Soccer Tactics

This area encompasses the all the strategies behind playing: formations, set plays and restarts, positions and spacing. Many times, coaches spend far too much time on this area – at the youth level – instead of the more fundamental technical skills. It is curious and looking inside our sports culture provides some insight.

If you compare soccer to baseball, football or basketball, the natural stoppages of the match place the coach in a central position to interject and direct on an almost constant basis. The coach is almost a participant in those games. And, so it is only natural for coaches to try to impact the game through constant direction – it’s what we’ve seen and learned.

This opportunity for coaches to intercede and “call the right play to win the game” is not possible in soccer. The game never stops. Nonetheless, that inherent “Coach Centered” mentality pervades our coaching ranks in soccer and causes coaches to try and focus on the areas where they can make an impact and “help the team.” This occurs at the detriment of focusing on the technical skills that will help the players truly succeed on the pitch.

Your time to direct comes during practice. During games, it is time for the players to perform. Hopefully, you’ve met the challenge as a coach to inspire creatively thinking soccer players. Since the game is fluid, each player has to be their own “coach” on the field moving from situation to situation.

From a building perspective, if you don’t understand your player’s capabilities and your players haven’t developed the ball control skills, it would certainly be futile to try and explain formations and lineups to them. This would be like asking a child to write in cursive without first teaching the letters of the alphabet. First things, first.

Fitness & Nutrition

Fitness and nutrition becomes the top of the pyramid where performance can be impacted by training and is only appropriate at older ages where mastery of ball and tactics, as well as a developed body make sense. While we can all eat healthier and become fitter as adults, it’s important and fundamental to understand that fitness – as a concept – isn’t age appropriate until you reach eleven.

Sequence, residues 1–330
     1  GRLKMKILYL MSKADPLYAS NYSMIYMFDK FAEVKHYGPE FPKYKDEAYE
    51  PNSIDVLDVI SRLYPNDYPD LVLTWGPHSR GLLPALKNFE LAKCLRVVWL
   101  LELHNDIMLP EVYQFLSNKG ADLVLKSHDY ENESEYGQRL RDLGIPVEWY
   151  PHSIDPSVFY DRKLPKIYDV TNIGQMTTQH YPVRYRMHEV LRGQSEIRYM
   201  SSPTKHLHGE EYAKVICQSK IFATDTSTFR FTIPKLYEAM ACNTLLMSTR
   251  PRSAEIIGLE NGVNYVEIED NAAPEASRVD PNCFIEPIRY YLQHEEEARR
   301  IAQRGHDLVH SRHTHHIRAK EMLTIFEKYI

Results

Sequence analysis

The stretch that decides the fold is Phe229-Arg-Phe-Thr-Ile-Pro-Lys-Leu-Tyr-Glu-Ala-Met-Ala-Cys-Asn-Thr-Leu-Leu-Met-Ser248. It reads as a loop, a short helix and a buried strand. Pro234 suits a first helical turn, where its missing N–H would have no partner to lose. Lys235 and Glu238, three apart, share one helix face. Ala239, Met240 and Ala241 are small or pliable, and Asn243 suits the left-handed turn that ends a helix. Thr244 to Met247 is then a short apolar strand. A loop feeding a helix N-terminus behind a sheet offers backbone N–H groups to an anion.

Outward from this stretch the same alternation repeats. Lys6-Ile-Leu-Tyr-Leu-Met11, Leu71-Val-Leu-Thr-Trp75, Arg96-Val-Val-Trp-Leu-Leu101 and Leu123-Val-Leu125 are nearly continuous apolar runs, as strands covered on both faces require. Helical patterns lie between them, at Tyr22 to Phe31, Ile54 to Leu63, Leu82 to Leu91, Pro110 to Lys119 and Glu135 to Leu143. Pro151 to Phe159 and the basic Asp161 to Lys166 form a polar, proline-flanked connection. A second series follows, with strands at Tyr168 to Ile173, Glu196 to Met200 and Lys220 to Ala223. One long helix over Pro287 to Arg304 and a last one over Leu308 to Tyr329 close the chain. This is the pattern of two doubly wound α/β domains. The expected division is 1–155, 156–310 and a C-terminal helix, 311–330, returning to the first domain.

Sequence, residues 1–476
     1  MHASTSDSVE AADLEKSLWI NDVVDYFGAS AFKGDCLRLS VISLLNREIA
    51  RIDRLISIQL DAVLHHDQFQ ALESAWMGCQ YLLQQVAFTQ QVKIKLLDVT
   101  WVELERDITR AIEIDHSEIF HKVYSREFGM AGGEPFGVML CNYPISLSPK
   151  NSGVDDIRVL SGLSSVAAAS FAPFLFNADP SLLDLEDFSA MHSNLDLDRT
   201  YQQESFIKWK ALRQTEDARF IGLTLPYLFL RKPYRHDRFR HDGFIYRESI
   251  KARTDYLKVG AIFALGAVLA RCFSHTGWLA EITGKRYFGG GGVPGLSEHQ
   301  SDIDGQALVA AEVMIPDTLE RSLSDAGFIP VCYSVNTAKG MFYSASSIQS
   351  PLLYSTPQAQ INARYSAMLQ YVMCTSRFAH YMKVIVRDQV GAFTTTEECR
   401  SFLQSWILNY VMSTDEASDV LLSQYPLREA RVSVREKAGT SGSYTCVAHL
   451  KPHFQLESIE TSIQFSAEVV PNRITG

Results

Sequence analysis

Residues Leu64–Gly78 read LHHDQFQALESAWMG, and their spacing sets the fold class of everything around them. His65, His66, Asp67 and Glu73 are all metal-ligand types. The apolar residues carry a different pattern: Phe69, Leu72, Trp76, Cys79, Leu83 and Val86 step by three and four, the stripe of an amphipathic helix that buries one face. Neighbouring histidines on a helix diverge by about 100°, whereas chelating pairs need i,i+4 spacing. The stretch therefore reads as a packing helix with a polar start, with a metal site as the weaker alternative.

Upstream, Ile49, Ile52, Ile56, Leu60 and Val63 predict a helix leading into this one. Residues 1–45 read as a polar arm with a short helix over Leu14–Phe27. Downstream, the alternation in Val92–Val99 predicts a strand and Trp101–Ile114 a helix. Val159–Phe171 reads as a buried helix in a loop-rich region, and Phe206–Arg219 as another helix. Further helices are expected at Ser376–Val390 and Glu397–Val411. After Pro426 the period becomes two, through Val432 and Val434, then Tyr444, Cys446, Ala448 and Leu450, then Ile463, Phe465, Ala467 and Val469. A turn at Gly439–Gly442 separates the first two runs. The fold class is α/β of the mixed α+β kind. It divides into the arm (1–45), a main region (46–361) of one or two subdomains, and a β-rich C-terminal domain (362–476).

For instance, if you’re coaching U6 players, fitness isn’t really appropriate. These players have one speed: all out. They might as well have batteries inside them. With no understanding of pace, there is no fitness. Furthermore, their bodies simply aren’t ready to handle fitness. This doesn’t mean that there aren’t coaching topics you should be aware of at U6 with regard to fitness. But, as opposed to sharing it with the players, it is something that you must be aware of and manage for the team.

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Soccer Classroom is passionate about helping coaches. But, none of this writing is worth the effort if the ideas aren’t shared. Feel free to email, share or print our information, but please don’t change it or charge for it.

About the Author

Jerry Macnamara is "The Coach" and founder at Soccer Classroom. For more than thirty years, Coach has been a player, coach, trainer and administrator. He shares your passion for the game and helping players grow through age appropriate soccer skills and drills. Feel free to contact Coach with questions

Soccer Classroom is always looking for experienced and enthusiastic coaches with drill and article ideas. Learn how to become a writer!